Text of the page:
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Bosnia: Sanski Most -- A House Divided Against Itself

  • Jolyon Naegele



Sanski Most, Bosnia; 5 September 1996 (RFE/RL) -- For three-and-a-half years, Sanski Most was under Bosnian Serb occupation -- until its liberation by Bosnian Croat and government forces last October.

The town's ethnic Serb residents fled north to Prijedor and Banja Luka. Soon after, former Muslim and Croat residents began returning. The Muslims returned in large numbers, but just a few hundred of the 4,000 pre-war Croats came back.

Sanski Most Mayor Mehmet Alagic, a leading member of the ruling Muslim party, the Party for Democratic Action (SDA), is a retired Bosnian army general. He has a reputation for being a powerful figure in town, both politically and in the burgeoning, but unregulated, business community.

Last week, Alagic held what a U.N. official describes as a very cordial and constructive meeting with his Bosnian Serb counterpart from Prijedor. The meeting with Milomir Stakic was the first such cross-boundary working group to discuss the fate of refugees and displaced persons. The two mayors agreed to meet on a regular basis, to meet persons displaced from their own areas and to open a U.N. busline between the two towns.

Mayor Alagic also has sought to overcome differences with the Sanski Most Croats. Two years ago, General Alagic, as Bosnian army commander in central Bosnia, oversaw the expulsion of the Croatian majority from the town of Bares north of Sarajevo and earned the enmity of Bosnian Croats.

Last weekend, the main Croatian party, the Croatian Democratic Union (HDZ), held a rally in a school building in Sanski Most, behind the site where until last year the Roman Catholic church had stood. The fleeing Bosnian Serbs had blown it up, along with two other churches and all mosques in the area.

Of the approximately 700 Croats who HDZ says now live in Sanski Most, fewer than 100 showed up for the rally.

In a move rare by the standards of the current election campaign in most parts of Bosnia, but perhaps understandable in the still ethnically mixed Una-Sana region (canton), Mayor Alagic not only attended the HDZ rally, but delivered the keynote speech.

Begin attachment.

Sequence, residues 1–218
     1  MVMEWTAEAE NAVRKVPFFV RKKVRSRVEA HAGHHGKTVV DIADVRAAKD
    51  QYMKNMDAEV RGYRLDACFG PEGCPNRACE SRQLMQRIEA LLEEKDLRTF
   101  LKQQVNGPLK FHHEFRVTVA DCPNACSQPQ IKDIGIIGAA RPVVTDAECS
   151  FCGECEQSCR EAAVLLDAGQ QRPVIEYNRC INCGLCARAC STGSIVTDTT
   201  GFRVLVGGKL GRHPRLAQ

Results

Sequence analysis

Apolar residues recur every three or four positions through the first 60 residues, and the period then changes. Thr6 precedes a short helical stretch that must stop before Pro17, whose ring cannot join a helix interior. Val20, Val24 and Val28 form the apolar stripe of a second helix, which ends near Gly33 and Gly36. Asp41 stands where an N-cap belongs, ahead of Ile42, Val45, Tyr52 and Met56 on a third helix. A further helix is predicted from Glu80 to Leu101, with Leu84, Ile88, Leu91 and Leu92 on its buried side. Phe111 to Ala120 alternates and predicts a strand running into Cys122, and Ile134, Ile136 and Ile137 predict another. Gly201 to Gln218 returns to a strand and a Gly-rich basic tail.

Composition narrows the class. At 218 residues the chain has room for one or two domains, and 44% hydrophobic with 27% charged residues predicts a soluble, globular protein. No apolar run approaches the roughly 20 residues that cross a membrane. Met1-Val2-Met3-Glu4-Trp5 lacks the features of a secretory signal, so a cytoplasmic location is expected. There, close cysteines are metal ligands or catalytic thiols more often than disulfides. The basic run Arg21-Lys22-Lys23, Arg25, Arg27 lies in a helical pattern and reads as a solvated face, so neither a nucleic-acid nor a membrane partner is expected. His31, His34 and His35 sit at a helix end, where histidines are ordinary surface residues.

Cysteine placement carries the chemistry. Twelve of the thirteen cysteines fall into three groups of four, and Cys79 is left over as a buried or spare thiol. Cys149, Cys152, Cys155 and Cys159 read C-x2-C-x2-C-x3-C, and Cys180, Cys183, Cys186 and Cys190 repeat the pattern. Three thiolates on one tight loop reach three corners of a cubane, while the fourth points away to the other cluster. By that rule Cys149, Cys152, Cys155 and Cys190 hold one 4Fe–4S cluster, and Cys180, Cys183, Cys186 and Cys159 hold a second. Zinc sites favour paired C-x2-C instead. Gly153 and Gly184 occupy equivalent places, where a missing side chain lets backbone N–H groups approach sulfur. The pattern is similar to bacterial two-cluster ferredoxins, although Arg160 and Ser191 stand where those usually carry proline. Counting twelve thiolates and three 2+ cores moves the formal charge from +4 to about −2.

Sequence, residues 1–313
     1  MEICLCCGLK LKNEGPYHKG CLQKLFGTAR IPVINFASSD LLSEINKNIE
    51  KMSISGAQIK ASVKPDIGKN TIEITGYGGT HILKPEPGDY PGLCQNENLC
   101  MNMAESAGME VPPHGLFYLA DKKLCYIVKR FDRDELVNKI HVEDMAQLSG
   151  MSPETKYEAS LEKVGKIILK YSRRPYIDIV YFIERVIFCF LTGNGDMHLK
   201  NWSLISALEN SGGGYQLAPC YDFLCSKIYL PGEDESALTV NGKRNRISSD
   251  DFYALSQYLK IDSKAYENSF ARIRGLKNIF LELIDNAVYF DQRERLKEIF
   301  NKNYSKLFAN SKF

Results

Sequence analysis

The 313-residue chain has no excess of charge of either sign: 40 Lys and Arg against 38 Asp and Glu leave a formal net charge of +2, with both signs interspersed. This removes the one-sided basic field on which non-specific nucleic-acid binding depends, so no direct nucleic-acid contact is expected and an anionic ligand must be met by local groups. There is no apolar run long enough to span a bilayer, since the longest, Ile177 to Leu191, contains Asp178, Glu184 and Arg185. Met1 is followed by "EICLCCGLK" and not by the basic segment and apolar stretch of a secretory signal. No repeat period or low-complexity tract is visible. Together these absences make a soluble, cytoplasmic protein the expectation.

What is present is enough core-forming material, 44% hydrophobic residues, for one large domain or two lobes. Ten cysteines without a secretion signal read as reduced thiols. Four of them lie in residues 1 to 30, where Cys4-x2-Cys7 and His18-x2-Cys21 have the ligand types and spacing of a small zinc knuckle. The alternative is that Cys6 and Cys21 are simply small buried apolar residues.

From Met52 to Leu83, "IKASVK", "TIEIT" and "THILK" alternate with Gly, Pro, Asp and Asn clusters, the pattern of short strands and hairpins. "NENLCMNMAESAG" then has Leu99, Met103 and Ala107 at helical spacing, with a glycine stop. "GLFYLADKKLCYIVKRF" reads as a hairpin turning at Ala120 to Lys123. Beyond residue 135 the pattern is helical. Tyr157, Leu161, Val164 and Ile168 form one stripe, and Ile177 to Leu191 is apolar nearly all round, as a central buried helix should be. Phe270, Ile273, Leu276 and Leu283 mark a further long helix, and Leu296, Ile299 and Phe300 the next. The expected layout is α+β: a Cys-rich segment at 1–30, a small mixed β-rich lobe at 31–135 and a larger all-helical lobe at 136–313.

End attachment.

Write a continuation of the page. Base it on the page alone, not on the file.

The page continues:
The message was clear: to ensure a united Bosnia, re-elect the national parties to represent your interest. That means vote for HDZ if you're a Croat, SDA if you're Muslim. In an interview, Mayor Alagic said the September 14 local elections should result in "a victory for Bosnia and its nations."

Mayor Alagic's remarks reflect a philosophy that is common among all three ruling national parties, SDA and HDZ in the Muslim-Croat Federation, and the SDS in the Bosian Serb Republic. And that is: retain the status quo, and give priority to the concept of "narod," or nation. Critics say this policy will only further consolidate the division of Bosnia, and hamper the development of a civil society.

The main HDZ speaker at the rally was Jadranka Cigelj, who occupies top posts in the party in Croatia and Bosnia. She referred to Mayor Alagic as a "general of peace." In an apparent attempt to defuse lingering animosity over his role in the expulsion of Croats from Bares, Cigelj expressed frustration with the slow pace of repatriating displaced Croats and reconstructing their homes.

"A people which has no hearth has no homeland," she said. She called on the Sanski Most Croats to vote for the "Croatian nation" by voting for HDZ.

According to the last census in 1991, Croats made up 7 percent, Muslims 47 percent and Serbs 42 percent of Sanski Most's 60,000 inhabitants. Sanski Most's Roman Catholic priest, Ivo Orlovac, says that, of the Croats who remained in Sanski Most throughout the war, the Bosnian Serbs killed 50 during the occupation, and persecuted the remainder. One hundred seventy Croats who survived greeted the liberators 11 months ago.

Father Orlovac described Muslim-Croat relations in Sanski Most as "relatively correct." He says the neighborhoods, where most of the Croats lived before the war, were largely destroyed during the Serb occupation, or toward the end of the war. That was, he said, when the frontline passed right through this area.

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